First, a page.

A Cycle Stop Valve before the pressure tank would also hold at 50 as long as you are using water but, would let 1 GPM through to fill the pressure tank and safely shut off the pump when you are no longer using any water. And there would be no pump cycling while you are using water.
  11. Bob1000

    Bob1000 New Member

    Messages:
    114
    Location:
    Egypt
    Pressure Switch SquareD BRANB NEW !

    The pressure switch is Square D model FYG22
    Technical specifications written on box is EXACTLY as follows :-
    Range of rising pressure 2.8-7 Bar ( 40.6 - 101 PSI) ( 1 Bar = 14.5 PSI)
    Differential
    At min setting 1.2 - 2.3 Bar ( 17.4 - 33.3 PSI)
    At Max setting 1.6-2.7 Bar (23.2 - 39.2 PSI)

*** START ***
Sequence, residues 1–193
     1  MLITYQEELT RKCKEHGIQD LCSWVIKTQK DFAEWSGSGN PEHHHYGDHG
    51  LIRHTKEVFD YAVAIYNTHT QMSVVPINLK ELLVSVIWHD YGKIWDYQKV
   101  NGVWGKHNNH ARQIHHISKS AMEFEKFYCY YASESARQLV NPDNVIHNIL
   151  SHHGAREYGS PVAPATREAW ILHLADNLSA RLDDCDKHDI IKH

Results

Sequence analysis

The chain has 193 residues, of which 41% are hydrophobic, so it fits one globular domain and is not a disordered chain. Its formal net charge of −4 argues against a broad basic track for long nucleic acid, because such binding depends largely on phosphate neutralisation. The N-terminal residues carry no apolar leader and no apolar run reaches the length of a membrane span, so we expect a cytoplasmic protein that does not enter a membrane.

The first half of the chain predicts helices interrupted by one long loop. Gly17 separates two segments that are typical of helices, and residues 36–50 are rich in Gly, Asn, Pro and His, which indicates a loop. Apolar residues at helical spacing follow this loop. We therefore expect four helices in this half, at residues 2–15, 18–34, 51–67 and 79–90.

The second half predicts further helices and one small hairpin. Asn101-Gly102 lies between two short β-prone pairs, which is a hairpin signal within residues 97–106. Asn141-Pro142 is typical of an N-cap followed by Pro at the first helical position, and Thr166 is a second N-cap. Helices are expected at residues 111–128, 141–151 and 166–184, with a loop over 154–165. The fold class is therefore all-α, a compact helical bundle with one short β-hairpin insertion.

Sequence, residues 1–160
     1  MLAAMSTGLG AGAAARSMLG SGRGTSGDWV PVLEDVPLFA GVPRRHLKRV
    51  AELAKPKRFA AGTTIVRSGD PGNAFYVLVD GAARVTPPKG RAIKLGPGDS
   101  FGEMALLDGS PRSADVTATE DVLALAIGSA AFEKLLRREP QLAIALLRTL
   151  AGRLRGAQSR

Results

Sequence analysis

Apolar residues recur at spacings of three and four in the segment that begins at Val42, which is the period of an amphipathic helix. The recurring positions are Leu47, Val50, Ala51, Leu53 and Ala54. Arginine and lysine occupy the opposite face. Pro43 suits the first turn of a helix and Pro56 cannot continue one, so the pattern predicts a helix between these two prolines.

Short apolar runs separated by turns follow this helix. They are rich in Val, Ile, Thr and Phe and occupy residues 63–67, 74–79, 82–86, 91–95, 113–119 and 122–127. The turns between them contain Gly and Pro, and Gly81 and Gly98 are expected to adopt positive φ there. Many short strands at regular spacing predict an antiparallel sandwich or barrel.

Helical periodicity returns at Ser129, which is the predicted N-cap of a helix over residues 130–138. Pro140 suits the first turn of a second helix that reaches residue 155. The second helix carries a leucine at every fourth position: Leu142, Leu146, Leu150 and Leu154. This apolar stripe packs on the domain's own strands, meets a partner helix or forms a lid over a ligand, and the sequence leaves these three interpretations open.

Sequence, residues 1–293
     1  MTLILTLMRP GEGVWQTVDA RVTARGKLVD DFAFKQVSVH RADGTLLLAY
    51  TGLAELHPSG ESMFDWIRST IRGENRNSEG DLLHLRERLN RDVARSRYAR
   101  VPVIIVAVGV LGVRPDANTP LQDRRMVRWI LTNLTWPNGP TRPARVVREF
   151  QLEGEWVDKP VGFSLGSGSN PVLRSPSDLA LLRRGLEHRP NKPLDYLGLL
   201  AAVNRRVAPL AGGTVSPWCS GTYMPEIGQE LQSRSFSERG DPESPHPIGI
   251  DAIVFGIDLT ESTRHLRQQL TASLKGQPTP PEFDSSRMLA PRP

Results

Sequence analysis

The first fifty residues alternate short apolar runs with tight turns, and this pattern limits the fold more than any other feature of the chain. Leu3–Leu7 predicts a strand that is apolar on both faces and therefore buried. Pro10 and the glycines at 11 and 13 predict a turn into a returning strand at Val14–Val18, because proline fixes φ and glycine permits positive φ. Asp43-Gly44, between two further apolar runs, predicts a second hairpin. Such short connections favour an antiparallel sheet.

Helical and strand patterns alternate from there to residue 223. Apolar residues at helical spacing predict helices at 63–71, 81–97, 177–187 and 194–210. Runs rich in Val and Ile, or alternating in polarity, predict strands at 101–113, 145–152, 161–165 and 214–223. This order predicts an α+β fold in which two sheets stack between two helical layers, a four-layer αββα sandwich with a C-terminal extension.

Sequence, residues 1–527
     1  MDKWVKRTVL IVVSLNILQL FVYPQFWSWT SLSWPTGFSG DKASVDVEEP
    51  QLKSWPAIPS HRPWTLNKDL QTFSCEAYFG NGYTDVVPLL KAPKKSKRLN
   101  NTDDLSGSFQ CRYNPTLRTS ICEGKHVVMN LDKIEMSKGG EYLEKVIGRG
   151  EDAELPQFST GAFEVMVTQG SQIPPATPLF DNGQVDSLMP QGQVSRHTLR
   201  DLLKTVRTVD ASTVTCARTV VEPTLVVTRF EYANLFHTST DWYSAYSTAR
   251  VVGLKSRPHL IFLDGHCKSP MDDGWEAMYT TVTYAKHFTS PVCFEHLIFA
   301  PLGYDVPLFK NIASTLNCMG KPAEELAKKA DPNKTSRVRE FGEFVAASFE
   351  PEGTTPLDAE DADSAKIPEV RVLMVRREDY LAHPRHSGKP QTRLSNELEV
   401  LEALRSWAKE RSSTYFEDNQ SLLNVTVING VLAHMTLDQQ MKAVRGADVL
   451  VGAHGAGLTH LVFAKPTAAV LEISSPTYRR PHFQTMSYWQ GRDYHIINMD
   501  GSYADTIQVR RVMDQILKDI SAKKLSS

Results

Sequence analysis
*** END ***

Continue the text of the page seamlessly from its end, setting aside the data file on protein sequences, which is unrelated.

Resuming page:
Factory setting 5.4-7 Bar ( 78.3 - 101 PSI)

    What do you think?
  12. valveman

    valveman Moderator Staff Member

    Messages:
    4,370
    Location:
    Lubbock, Texas
    Differential
    "At min setting 1.2 - 2.3 Bar ( 17.4 - 33.3 PSI)"

    Sounds like they are not too sure about the minimum differential. Could be 17.4 or 33.3. Sounds like yours is 30. Maybe the next one out of the box would let you do 17.4 differential but, how would you know till you tried it?
  13. Wet_Boots

    Wet_Boots Sprinkler Guy

    Messages:
    798
    Location:
    Metro NYC
    You cannot eliminate the differential built into a pressure switch. It's there to allow for water storage in a pressure tank. If you must absolutely have a constant unvarying pressure downstream of the pump/tank, then you are complicating things. How much money is this 'ideal' worth?
  14. Bob1000

    Bob1000 New Member

    Messages:
    114
    Location:
    Egypt
    Constant Pressure